Understanding the Local Market

More on how a professional CMA shows you what comparable homes and condo units are selling for, all around you

Elements of a Great Comparative Market Analysis

You already know that savvy home sellers ask for a comparative market analysis to help place a value on their home before listing it with a real estate agent. You've probably received flyers or post cards from local real estate agents offering CMAs or other forms of free reports to tell you how much your home is worth.  But what exactly is a CMA composed of, and how does it do its job?

Although reports can vary from a brief list of comparable recent home sales to a 50-page guide, the length and complexity of the report depends on each individual agent's business practice. All CMA reports should contain the following data:

Active Listings are homes currently for sale; they are your competition for buyers. They are not actually indicative of market value, because sellers can ask whatever they want for their home; it doesn't mean they will end up getting it. But they are interesting to take note of and follow their progress; if your home is priced higher than the list price of similar active listings, it could sit on the market longer.

Sold Listings are homes that have closed within the past three to six months in your neighbourhood; they are your comparable sales.   If no sales of comparable homes exist in the last six months (for example, if you own a very unique property or live in a remote area where nothing similar has recently sold) older sales and other valuation techniques will come into play.

Deal Fell Through / Back on Market / Cancelled Listings are properties that were taken off the market for a variety of reasons; usually because the prices were too high and the properties did not sell due to no offers or low-ball offers only. However, listings also go off-market for the following reasons:

  • The sellers decide they no longer want to sell.
  • The DOM (days on market) was getting too long, which in some people’s minds implies a stigma against the house. Agents sometimes withdraw listings so they can put them back as a new listing – voila, no stigma.
  • The deal fell through during the conditional period because the buyers were unable or unwilling to waive or fulfill certain conditions.
  • The sellers were unhappy with their agent and retained a new one.

Expired Listings are ones that did not sell during the listing period and may have been unreasonably priced or otherwise unattractive to buyers. Listings can also expire because they were not aggressively marketed.

Comparable Sales

Comparable sales are those that most closely resemble your home; you would not compare a duplex home to a one-bedroom condo unit, even if it’s right next door. The focus will be on the recent home sales that are mostly identical to your home in size, shape and condition, such as:

  • Similar size: Larger square-foot homes tend to be worth less per square foot than smaller square-foot homes
  • Similar age: Ideally, the construction period of the home should be within a few years of the other comparable sold homes, because Edwardian homes loaded with character tend to sell for more than cookie-cutter homes built in the 70’s, which in turn will sell for less than brand new homes with all the ultra-modern conveniences and finishes.
  • Similar amenities, upgrades and condition: A common appraisal technique is to deduct value from your home if other homes have upgrades and yours does not. A completely remodelled home is worth more than a fixer-upper. Homes with one bath are worth less than homes with two or more baths.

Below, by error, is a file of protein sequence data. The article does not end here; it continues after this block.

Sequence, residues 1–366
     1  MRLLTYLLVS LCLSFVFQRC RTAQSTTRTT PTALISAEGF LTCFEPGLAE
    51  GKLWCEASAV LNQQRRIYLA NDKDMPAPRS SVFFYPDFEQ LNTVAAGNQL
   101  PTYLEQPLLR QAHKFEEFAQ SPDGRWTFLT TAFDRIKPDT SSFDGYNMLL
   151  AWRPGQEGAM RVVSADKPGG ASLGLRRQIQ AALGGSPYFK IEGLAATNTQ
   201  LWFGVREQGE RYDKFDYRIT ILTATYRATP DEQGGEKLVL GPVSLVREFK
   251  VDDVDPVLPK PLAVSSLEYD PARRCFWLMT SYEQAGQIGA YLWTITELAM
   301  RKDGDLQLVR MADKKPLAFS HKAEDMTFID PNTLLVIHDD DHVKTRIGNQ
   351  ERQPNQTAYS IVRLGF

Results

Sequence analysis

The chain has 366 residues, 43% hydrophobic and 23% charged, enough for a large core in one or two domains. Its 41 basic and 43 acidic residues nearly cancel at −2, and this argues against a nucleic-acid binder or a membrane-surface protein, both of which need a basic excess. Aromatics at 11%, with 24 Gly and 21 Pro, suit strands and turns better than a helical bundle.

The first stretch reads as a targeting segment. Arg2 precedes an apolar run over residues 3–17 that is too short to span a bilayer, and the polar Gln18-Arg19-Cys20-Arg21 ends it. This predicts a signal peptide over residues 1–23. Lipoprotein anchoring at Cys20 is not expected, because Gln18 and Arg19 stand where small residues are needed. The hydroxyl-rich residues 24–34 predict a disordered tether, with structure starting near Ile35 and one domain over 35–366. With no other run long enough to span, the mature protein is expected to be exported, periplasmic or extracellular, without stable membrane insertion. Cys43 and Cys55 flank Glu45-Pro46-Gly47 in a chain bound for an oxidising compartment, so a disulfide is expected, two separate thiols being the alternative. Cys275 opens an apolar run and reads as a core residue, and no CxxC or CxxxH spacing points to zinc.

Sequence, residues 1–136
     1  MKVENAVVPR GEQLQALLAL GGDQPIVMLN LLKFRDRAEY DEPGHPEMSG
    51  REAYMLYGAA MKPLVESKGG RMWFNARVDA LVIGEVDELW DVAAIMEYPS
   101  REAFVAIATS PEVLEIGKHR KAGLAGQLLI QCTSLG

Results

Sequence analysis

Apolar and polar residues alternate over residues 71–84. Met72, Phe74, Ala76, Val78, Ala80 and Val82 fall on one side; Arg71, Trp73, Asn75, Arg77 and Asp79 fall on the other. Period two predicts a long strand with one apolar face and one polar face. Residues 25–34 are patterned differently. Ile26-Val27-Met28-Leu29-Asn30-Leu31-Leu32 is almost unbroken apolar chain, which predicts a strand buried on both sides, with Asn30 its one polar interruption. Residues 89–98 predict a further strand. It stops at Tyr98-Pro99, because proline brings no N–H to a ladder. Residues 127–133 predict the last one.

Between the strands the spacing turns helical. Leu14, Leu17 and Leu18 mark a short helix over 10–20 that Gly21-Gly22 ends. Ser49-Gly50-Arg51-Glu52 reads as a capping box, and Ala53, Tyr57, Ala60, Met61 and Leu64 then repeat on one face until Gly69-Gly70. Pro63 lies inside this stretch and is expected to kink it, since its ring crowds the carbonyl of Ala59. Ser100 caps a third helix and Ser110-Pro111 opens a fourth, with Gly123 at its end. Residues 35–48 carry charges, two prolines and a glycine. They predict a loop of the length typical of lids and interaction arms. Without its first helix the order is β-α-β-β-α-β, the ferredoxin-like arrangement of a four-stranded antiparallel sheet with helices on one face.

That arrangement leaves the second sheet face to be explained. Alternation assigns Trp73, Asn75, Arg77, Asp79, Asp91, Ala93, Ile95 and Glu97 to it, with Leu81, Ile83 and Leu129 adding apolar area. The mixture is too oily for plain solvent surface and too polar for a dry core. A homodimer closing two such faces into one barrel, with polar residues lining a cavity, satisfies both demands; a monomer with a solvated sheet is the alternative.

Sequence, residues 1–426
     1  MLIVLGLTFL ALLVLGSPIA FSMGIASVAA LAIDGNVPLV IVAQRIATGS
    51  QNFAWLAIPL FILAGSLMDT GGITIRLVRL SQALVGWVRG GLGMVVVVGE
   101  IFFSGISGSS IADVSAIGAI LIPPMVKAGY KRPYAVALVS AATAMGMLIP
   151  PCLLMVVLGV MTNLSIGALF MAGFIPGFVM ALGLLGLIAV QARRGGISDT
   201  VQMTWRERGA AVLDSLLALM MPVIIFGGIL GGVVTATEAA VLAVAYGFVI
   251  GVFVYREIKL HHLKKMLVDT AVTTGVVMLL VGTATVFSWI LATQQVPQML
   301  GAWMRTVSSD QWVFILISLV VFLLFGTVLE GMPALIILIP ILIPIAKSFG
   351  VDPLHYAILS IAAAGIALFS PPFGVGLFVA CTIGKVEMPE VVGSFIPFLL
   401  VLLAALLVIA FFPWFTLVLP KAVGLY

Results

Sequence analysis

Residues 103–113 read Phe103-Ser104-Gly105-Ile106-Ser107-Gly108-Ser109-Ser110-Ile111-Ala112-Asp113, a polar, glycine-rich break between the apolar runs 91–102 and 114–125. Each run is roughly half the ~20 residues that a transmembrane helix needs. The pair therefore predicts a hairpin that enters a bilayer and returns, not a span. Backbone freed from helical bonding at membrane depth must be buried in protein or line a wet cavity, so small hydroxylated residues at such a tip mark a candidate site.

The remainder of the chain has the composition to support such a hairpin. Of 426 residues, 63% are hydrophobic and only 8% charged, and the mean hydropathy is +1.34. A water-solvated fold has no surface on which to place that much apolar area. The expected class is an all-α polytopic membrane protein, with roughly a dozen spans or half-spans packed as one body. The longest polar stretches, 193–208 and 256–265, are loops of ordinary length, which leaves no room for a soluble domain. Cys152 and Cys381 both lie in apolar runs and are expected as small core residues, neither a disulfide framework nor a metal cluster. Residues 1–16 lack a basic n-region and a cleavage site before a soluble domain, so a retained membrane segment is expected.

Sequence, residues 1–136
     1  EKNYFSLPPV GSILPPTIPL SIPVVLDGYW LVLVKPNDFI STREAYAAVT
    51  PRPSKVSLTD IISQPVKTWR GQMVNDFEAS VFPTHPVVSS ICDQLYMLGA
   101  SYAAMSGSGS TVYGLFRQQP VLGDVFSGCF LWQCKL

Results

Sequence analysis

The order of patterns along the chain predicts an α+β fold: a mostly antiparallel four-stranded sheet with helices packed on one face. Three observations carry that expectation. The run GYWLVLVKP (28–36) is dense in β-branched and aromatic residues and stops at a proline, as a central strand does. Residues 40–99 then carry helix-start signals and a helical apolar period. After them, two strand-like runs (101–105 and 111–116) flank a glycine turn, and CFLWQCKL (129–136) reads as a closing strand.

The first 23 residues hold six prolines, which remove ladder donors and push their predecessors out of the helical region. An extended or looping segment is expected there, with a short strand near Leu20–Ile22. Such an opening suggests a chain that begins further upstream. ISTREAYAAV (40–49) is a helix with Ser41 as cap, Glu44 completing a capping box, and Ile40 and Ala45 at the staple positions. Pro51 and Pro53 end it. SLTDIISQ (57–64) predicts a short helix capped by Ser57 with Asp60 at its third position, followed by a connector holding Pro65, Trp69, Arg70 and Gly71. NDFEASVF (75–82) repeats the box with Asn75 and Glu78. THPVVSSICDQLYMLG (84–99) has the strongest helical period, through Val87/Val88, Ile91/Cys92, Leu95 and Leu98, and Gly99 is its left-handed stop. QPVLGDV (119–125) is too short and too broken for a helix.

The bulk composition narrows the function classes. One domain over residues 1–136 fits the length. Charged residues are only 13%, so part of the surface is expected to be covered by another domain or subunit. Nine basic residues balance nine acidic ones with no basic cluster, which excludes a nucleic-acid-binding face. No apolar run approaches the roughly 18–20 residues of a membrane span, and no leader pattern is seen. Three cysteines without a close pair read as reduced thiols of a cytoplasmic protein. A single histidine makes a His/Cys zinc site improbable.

• Location: Getting down to the nitty-gritty of this overused term means looking at the small stuff: a home with a beautiful view, for example, is worth more than a home facing a cement wall. Homes located on busy arteries are worth considerably less than homes on quiet cul-de-sacs. We will compare your home to those in similar locations.
  • Standouts: Statistically, sales that are priced far above or far below the group average are suspect; there likely are valid reasons for these extremes and Jamie will investigate before presenting them to you as valid comparables.

Analysing the Toronto Housing Market

A full and detailed report of comparable sales still doesn’t tell the whole story of how you should price your own home – we still have to complete a similar market analysis of the properties listed and competing with your home at the same time.

Your list price recommendation can be adjusted up or down depending on how many homes are listed in your immediate area at the time, and what their owners are asking.  If the current market has a high inventory of homes similar to yours currently up for sale, we might want to wait for some of them to sell before we list your property – or amend your asking price downwards a bit to remain competitive.

Jamie will present the CMA to you in an easy-to-understand format so that together, you can evaluate and interpret the data to come up with an accurate estimate of true market value for your home.

One thought on “Understanding the Local Market

January 15, 2012 at 10:48 pm
Tuan Nguyen says:

Please give us a free CMA for:
Co-ownership building. Bright sunny south-west L-shape corner unit. 2 bedrooms, 1 bathroom, enclosed balcony. Approximately 800 sq.ft. Complete kitchen renovation, cabinets, countertop, glass backsplash in 2009, new fridge, stove and dishwasher 2009, partly renovated bathroom 2010 (new cabinet, countertop, toilet), new Copper Wiring 200 Amp Service Circuit Breakers And Ground Fault Interruptor 2009, parquet floors stained and refinish 2009.
Free Laundry, A/C, TV cable included. 1 underground parking and 1 locker. Tax is included in the condo fee.
170 Roehampton Ave. 1 block east of Yonge/Eglinton .

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